Author and award-winning journalist Judie Panneton grew up as a child of immigrants. Her own feelings of "being different" led her to wonder about the experiences of other children and how it worked out for them. The result is her latest book, Proud Americans: Growing Up as Children of Immigrants.
The stories included in the book are based on research and extensive interviews with more than forty people from diverse backgrounds who work in many types of professions and live throughout the United States. Panneton's personal interviews explore the joys as well as the pain of growing up as first-generation Americans with children often serving as their parents' guides to learning the ways of their new country.
Dr. Ernie Bodai (whose real first name was Balazs but he accepted Ernie as a name that would make him less different) is a highly respected surgeon whom Panneton encountered while working on a previous book about breast cancer. In him, she found a brilliant and hard-working doctor whose family made every effort to get to America so that he could create a better path for himself.
His family escaped from Budapest several months after the Russians invaded Hungary; his father was a nuclear physicist with PhDs in nuclear physics and mathematics. Like many immigrants, advanced degrees mean nothing when first looking for employment in America, and he and his wife had to accept menial jobs in order to support the family. Despite family and financial difficulties, Bodai went on to graduate from medical school. He also felt deeply the importance of giving back. As a breast surgeon, he sought ways to raise funds for more research and campaigned for the federal government to create a breast cancer stamp that could be used to raise money for scientific research. Bodai persisted for a good number of years before successfully making his case, and at this point, the stamps have raised more than $50 million for research.
A story that deeply touched Panneton was Dorothy Mitsu Takeuchi, 86 at the time of the interview, who had been confined with her family in American internment camps because they were Japanese. Takeuchi's parents were classified as "non-white" by federal law (the Naturalization Act of 1790) so they were not eligible for citizenship but their children, who were born here, automatically gained citizenship status. But citizenship did not protect anyone of Japanese descent after the bombing at Pearl Harbor.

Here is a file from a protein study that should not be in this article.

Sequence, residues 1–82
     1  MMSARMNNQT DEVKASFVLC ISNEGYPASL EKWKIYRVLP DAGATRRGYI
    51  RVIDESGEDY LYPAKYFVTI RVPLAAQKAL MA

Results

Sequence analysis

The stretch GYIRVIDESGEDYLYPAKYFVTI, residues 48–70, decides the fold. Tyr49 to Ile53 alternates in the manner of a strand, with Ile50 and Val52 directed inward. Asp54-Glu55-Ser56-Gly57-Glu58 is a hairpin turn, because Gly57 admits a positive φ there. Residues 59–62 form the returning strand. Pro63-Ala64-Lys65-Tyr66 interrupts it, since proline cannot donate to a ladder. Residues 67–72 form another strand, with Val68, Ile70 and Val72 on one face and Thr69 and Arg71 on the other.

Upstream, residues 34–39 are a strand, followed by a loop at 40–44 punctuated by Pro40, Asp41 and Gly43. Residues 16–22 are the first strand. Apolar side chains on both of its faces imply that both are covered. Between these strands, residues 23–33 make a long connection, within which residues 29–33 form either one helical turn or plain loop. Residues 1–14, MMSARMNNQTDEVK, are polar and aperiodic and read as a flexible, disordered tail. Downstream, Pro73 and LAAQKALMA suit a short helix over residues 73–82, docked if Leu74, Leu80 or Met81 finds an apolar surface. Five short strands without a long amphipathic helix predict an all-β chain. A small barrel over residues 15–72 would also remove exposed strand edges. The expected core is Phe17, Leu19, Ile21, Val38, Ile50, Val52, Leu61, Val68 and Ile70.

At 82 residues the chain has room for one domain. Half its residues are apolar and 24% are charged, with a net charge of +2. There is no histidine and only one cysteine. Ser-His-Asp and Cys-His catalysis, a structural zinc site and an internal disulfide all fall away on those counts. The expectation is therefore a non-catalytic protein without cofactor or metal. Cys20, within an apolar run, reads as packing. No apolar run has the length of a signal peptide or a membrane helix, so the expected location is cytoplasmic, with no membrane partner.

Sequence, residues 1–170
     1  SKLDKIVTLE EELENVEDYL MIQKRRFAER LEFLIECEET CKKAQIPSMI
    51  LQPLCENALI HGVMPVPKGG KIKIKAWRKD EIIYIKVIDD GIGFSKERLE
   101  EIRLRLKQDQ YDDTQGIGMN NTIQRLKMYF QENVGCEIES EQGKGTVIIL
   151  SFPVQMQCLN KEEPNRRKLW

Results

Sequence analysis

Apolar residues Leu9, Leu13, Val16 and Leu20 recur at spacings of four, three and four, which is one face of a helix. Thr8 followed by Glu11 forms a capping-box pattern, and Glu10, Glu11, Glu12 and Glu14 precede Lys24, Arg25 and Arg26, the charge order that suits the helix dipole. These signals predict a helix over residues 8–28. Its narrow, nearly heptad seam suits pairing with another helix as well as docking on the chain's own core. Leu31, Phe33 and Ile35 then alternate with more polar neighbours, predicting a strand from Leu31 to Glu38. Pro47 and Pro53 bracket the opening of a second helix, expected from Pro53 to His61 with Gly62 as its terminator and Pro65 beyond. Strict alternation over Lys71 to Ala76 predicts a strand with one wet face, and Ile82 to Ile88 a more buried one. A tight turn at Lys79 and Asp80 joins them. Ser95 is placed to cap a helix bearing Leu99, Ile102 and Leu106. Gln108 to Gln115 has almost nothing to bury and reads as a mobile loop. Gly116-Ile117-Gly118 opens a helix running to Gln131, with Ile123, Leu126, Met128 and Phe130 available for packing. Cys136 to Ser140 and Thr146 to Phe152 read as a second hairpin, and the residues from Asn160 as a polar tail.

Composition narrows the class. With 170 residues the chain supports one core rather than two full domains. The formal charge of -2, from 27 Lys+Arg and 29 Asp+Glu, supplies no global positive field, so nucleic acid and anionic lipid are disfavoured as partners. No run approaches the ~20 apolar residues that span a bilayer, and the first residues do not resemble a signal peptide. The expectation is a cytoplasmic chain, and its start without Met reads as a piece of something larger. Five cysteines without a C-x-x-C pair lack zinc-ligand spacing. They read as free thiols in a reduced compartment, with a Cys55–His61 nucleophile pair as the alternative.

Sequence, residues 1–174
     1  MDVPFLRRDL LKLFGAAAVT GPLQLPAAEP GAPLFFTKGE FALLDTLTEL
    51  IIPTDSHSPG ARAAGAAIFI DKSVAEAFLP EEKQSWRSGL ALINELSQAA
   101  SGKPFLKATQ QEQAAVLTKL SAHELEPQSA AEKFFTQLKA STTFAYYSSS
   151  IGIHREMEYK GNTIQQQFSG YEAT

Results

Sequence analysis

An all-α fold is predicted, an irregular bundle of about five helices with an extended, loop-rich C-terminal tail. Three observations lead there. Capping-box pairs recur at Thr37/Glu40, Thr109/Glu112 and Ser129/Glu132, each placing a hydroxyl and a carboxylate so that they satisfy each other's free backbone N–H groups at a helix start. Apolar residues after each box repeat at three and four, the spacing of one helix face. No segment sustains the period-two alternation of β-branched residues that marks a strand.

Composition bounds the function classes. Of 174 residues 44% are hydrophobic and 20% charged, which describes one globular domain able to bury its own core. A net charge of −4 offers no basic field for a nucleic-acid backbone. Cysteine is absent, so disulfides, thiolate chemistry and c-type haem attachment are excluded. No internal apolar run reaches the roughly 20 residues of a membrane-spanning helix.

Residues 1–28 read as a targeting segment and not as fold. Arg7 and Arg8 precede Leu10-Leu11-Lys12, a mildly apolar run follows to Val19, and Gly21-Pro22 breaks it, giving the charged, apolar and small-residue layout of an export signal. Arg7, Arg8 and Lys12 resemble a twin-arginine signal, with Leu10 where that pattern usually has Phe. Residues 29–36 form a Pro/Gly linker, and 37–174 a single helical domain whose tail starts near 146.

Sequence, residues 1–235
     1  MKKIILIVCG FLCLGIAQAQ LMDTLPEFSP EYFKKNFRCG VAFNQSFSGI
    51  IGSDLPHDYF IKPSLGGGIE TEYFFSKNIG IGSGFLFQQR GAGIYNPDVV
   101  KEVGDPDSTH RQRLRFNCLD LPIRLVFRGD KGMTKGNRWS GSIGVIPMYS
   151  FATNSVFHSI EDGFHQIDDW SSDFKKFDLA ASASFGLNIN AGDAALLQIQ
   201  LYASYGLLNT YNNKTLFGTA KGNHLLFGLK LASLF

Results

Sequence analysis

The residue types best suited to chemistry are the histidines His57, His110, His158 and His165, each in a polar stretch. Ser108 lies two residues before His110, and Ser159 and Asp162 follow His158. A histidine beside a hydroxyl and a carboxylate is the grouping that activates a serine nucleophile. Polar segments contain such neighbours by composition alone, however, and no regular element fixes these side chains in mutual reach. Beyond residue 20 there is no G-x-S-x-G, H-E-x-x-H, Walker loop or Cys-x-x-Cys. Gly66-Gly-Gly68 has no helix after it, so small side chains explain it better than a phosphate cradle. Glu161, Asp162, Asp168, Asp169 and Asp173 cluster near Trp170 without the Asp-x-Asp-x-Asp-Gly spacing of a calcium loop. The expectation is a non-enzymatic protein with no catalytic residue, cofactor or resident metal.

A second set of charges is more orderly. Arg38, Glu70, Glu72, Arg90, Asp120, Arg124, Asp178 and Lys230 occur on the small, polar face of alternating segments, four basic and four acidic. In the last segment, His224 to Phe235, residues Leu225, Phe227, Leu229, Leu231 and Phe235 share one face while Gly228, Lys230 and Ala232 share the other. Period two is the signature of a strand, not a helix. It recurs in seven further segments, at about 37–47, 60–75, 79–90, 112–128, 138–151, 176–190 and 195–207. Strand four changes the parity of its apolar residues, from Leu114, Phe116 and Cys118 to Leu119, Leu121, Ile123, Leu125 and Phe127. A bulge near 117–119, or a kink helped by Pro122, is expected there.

Shortly after Pearl Harbor, local police came to meet with her father, a well-respected businessman in Seattle; her father was taken away by the police, and her family received no explanation or information about where he was going. It was three years before the family had word of his whereabouts. By that time, the rest of the family had been sent to an internment camp near Missoula, Montana. This was by order of President Franklin Roosevelt who in 1942 ordered that all residents of Japanese ancestry be removed from their homes and confined in relocation camps. Takeuchi told Panneton that one of the particularly heartbreaking moments occurred when friends and neighbors, who knew they were being taken away, came by wanting to claim for themselves the Japanese family's possessions.
Approximately 120,000 people were held in these relocation camps, two-thirds of whom were American citizens. Two years later their father joined them, and they were finally released in 1945 when the Supreme Court ruled that the detainment of loyal citizens was unconstitutional.
A more recent example in the book is 22-year-old Janet Rodriguez, who came to the United States seven years ago when she was 15. Her parents are migrant farm workers who obtained green cards to come to work in the fields in California. Janet and three siblings started public school not knowing any English, and her parents requested working separate shifts so they could share childcare responsibilities. This meant that her mother arose at 3:45 a.m. to go to work; her father worked overnight. Her mother's pay at the time of the interview was $6.75 per hour. The family aspired for their sons to attend college but though Janet had a 4.0 average graduating from high school, it took a healthy college financial package and a lot of persuading for Janet's parents to give their blessing to have their daughter attend college. She now works during the day and attends school at night.
Panneton concludes the book with additional profiles of famous immigrants who have come to the U.S. ranging from Maurice Sendak to Steven Chu.
At the conclusion of her research, Panneton invited the nearby interviewees to come to her home for a dinner party. "It was such an honor to tell their stories, and I loved being able to introduce some of them to one another."
Interest in a book like this should be on the increase as immigrants are a growing force in America. More than 60 percent of American children will be children of immigrants by the year 2050. Panneton's background as a child of immigrants who survived the Holocaust has given her a well-founded interest in exploring what it is like for families who are new to this country.
Panneton's web site offers readers the opportunity to tell their own stories of their family's arrival in this country.
This month, Judie Fertig Panneton will be a guest speaker at Goucher College, discussing her book on April 12, and on April 30 she will read from her book at Hinde Auditorium at Sacramento State College.
For more stories of inspirational Americans, visit www.americacomesalive.com
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